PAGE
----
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Shakespeare goes digital

“O brave new world, that has such people in it!” So exclaims Miranda in the final act of William Shakespeare’s The Tempest, as her eyes are opened to the possibilities of a life beyond her small island. For centuries now, theatre companies have used the most modern technologies at their disposal to instill this sense of wonder in audiences.

The Royal Shakespeare Company recently opened up its archives for the first time to the public, revealing a rich history of stage wizardry and behind-the-scenes secrets which have helped them to tell some of the most famous stories of all time. And now the company is taking its special effects a step further, partnering with leading technology organisations on its new jubilee year production of The Tempest. This particular play holds great potential for visual achievements; storms, spells and spirits abound. It is even speculated that the character of Ariel, a sprite who does the bidding of sorcerer Prospero, will be portrayed entirely by a 3D digital avatar, similar to a hologram.


Gregory Doran, Artistic Director at the RSC, took his inspiration from Shakespeare’s original productions: “They were the multi-media events of their day, using innovative technology from the Continent to produce astonishing effects, with moving lights, and stage machinery that could make people fly, and descend from the clouds,” he says. “So I wanted to see what would happen if the very latest cutting edge 21st Century technology could be applied to Shakespeare’s play today. We contacted the leaders in the field, Intel, and they were delighted to come on board. And we have been developing our ideas with them, and Andy Serkis’s brilliant Imaginarium Studios to produce wonders.”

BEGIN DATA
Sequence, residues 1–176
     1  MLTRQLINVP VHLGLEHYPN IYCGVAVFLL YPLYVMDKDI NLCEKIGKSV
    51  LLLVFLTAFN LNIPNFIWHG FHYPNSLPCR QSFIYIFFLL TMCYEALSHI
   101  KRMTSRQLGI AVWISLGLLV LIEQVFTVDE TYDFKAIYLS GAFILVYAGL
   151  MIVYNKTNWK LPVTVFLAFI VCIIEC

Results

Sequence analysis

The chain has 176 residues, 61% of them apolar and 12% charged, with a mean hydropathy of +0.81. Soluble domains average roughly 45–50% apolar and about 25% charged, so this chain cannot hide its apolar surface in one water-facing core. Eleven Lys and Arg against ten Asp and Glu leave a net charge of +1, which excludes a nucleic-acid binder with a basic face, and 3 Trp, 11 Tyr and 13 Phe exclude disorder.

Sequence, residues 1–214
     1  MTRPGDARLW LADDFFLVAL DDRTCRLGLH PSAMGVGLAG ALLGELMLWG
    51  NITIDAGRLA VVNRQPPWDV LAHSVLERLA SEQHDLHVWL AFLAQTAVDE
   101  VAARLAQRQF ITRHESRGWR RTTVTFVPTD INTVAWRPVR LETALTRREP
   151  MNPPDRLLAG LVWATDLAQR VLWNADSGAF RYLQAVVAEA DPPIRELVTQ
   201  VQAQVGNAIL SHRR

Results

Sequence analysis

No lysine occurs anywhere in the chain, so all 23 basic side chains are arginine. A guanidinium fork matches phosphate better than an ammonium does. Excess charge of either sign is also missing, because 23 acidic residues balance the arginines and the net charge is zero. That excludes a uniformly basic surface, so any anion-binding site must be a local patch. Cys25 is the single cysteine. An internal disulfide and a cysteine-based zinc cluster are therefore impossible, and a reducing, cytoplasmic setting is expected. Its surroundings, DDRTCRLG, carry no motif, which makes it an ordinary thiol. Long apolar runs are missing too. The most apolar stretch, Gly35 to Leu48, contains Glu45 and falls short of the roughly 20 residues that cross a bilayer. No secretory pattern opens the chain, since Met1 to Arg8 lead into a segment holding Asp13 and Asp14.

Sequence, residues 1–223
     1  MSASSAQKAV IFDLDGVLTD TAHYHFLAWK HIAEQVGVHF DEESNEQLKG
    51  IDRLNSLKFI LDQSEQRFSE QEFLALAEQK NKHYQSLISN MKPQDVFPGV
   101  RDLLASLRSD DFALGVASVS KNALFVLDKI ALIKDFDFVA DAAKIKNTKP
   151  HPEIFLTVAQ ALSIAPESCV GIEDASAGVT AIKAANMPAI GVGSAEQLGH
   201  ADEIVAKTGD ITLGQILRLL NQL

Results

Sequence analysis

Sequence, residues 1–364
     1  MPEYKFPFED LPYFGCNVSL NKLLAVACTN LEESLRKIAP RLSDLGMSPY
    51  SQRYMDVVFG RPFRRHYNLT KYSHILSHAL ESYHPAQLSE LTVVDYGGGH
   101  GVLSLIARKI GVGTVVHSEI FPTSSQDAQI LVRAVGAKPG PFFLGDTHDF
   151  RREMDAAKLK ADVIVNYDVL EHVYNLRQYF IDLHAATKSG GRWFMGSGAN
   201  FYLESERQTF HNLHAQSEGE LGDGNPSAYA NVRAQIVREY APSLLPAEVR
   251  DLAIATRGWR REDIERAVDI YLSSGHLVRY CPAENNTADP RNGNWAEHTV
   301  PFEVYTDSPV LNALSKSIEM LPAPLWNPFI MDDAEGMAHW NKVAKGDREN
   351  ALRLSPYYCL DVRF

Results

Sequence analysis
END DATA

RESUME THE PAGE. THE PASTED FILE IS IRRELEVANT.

Doran believes that incorporating digital technology into off-stage distribution as well as on-stage productions will be crucial in attracting younger audiences. While the RSC already streams 360 degree productions of plays into classrooms, he comments that there is no follow-through with these consumers once they leave school, even though they spend their whole lives online.

“There is a huge audience out there who want to participate and want to be with us and it’s about making them part of it,” he says. “We have got to be the ones pushing this forward, not the people providing the technology, and that’s a very exciting place to be.”

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